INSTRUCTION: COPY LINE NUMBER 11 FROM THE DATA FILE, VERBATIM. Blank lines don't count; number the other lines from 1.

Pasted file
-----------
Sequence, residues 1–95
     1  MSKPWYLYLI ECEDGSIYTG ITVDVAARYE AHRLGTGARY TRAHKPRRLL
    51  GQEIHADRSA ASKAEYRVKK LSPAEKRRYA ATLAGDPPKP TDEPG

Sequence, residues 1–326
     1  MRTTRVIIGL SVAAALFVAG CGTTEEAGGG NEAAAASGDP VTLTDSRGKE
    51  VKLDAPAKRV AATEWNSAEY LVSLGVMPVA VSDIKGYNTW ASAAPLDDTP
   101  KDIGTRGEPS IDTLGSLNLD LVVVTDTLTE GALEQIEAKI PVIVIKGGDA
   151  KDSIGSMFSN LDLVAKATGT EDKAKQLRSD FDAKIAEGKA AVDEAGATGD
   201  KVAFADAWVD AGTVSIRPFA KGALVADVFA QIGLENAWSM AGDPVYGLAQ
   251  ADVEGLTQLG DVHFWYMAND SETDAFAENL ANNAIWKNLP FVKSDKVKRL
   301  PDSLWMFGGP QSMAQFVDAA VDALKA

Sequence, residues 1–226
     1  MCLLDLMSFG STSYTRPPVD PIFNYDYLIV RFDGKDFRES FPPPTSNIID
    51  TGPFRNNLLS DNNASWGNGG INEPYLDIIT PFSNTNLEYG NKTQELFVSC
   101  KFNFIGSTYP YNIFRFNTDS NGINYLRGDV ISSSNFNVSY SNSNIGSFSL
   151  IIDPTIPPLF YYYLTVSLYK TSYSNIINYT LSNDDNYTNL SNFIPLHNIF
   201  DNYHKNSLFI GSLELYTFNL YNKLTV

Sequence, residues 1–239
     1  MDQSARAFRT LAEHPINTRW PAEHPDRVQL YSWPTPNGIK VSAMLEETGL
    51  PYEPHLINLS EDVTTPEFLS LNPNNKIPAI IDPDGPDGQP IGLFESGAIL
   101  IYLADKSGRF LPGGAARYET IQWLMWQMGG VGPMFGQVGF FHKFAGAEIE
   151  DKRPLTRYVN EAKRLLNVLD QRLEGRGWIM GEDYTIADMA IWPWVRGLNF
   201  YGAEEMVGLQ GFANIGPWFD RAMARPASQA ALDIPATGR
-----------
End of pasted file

   301  PDSLWMFGGP QSMAQFVDAA VDALKA